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WakeWorld Discussion Board » >> Boats, Accessories & Tow Vehicles Archive » Archive through April 01, 2004 » Wakeboard boat for Fresh or Salt water?? « Previous Next »
By Steve Peters (stevo62072) on Thursday, March 25, 2004 - 7:08 am:    Edit Post Delete Post
I live in South Florida and I am wondering if any of you use your wakeboard boats in the intercoastal. Are ski boats specifically designed for fresh water or is it ok to use them in salt water?
By WakeNup (hockeyruss) on Thursday, March 25, 2004 - 8:27 am:    Edit Post Delete Post
Steve you better get at the very least a galvanized trailer and either closed cooling or at the least a flush kit.

I have an 04 Malibu with a painted galvanized trailer and flush kit if your interested.
No reasonable offer refused...it's in the classifieds

By Steve Peters (stevo62072) on Thursday, March 25, 2004 - 8:54 am:    Edit Post Delete Post
So Russ, I take it you've been using it in saltwater...has it been a good experience or a bad experience?

By Tom Adrian (tommyadrian5) on Thursday, March 25, 2004 - 9:25 am:    Edit Post Delete Post
salt water doesn't hurt a boat at all as long as you take the additional steps necessary to protect the boat and engine, ie. flushing after use, spraying off the hull/trailer after use, keeping the engine coated with water displacing lubricant.
By WakeNup (hockeyruss) on Thursday, March 25, 2004 - 11:03 am:    Edit Post Delete Post
I have had an 01 vlx that was on a painted trailer. I owned it for 9 months and never put it in salt water but the trailer started to show little signs of rust when I sold the boat. I then ordered an 02 with a galv trailer, closed cooling and the flush kit. I owned if for 13 months and only put it in salt on the 4th of july to see the fireworks. I sold it and ordered an 04 last summer and did not get the closed cooling, but got the flush kit and had the trailer people paint me a galv. trailer. I have not put this one in salt water yet, but if I still own it on the 4th of July I am sure I will.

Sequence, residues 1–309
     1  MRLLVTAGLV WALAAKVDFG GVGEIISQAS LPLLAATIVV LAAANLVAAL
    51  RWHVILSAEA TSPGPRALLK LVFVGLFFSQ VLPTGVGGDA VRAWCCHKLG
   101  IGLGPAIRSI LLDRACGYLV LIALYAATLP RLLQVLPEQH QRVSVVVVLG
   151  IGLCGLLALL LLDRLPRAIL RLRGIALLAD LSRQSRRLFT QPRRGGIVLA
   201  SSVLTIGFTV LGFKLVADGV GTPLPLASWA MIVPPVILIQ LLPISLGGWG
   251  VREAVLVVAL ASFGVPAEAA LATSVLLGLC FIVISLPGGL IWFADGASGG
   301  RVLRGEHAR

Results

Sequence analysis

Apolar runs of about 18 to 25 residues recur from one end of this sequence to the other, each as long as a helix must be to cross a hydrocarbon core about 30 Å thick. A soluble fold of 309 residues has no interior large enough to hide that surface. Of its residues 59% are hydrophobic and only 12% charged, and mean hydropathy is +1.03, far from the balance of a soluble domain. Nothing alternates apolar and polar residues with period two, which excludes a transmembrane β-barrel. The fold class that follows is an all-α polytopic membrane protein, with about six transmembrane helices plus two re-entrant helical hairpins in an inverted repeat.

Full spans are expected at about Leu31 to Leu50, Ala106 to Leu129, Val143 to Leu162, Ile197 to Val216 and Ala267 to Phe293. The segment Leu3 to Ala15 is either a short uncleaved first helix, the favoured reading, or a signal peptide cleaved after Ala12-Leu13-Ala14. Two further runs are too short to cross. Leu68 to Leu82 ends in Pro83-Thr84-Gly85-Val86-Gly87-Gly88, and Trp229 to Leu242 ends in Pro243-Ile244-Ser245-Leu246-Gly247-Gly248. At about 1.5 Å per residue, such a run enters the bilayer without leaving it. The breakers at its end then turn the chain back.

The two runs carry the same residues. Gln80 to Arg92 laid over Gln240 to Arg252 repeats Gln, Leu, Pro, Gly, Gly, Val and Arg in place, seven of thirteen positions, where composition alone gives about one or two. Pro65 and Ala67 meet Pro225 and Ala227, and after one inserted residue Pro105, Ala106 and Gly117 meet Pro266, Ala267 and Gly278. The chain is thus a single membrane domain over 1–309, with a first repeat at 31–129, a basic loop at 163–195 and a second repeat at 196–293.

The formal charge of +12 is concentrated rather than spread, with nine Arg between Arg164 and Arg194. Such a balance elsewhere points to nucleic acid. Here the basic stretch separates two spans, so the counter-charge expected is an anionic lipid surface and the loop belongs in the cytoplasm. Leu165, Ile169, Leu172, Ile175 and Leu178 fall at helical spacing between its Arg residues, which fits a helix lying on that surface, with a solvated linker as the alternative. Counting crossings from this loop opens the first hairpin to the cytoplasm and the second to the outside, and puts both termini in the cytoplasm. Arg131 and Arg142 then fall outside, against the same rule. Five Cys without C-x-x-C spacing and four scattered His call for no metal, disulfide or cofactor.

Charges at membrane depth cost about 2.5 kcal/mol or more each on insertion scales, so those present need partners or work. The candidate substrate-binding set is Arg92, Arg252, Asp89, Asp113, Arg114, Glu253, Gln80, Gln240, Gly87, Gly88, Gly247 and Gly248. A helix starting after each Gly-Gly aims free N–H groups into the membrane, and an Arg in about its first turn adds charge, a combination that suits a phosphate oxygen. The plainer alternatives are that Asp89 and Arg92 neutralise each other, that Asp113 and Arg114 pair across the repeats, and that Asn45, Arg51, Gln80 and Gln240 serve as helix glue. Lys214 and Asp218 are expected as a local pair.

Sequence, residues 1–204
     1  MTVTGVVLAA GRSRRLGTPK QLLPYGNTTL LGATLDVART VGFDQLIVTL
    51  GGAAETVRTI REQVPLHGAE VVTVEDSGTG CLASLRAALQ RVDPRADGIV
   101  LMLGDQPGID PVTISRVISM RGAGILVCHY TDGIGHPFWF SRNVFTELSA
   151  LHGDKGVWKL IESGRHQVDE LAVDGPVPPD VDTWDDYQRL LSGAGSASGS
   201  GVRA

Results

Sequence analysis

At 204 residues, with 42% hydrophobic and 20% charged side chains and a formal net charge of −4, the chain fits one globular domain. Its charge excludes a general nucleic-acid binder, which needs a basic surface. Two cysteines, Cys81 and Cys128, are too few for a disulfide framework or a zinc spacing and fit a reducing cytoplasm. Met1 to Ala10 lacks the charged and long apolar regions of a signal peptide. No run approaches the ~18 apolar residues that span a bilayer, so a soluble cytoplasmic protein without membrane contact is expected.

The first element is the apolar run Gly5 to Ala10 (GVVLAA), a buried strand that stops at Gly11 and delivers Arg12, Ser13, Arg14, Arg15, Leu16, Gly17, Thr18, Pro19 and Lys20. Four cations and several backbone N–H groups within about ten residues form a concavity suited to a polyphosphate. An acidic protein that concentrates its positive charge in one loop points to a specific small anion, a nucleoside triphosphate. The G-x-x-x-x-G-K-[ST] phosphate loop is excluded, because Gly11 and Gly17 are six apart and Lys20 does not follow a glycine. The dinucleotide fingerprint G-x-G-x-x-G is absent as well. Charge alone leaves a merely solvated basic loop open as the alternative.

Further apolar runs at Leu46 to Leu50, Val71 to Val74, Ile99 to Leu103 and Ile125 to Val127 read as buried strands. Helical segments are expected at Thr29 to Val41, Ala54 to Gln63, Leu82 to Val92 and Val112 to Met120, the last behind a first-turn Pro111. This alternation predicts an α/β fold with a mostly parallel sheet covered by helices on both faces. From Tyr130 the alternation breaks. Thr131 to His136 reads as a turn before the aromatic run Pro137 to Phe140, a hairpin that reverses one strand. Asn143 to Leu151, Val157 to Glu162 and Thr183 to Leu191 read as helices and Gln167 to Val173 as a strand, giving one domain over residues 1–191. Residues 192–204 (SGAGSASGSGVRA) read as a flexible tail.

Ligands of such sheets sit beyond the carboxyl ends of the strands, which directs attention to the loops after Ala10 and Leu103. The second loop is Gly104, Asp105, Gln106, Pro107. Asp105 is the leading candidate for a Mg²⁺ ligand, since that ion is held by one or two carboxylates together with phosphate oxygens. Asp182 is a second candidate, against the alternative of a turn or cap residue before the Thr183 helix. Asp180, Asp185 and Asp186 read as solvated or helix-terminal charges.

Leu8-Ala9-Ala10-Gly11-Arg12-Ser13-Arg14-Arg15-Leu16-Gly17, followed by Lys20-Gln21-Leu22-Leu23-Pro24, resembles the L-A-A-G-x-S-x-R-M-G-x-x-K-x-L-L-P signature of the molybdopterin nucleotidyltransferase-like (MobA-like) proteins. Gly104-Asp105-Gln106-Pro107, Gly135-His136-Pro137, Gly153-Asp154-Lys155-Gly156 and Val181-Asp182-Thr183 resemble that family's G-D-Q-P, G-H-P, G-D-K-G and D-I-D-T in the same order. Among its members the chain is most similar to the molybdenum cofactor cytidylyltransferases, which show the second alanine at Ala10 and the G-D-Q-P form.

I also spray the engine twice a season with corrosion coat, like Tom says. The trailer gets the worst cause when you launch the boat you dip it in the salt (or brackish) then take it right out and the air works it for 4-7 hours, then you dip it again, recover your boat and go home and clean. Salt water and air don't need much time to start working on corrosion.

By Lucky Charms (lchamaschuk) on Thursday, March 25, 2004 - 11:39 am:    Edit Post Delete Post
I second that. We had our VLX moored for one week in brackish water (ie. mostly fresh but a little salt) for a week while we were getting our first 10 hours on it. Pulled it out after a week, and there were already (corrosion) pits forming on the wedge. We were planning on getting the zincs installed at the 10 hour check, but never expected anything to happen for a week in brackish water! If you keep it moored, make sure you get the sacrificial zincs installed.
By Steve Peters (stevo62072) on Thursday, March 25, 2004 - 12:17 pm:    Edit Post Delete Post
Thanks for the input everyone.

By WakeNup (hockeyruss) on Thursday, March 25, 2004 - 12:31 pm:    Edit Post Delete Post
Lucky where did they install the zinc's, on the wedge?
By Craig Fulton (oldschool) on Thursday, March 25, 2004 - 1:41 pm:    Edit Post Delete Post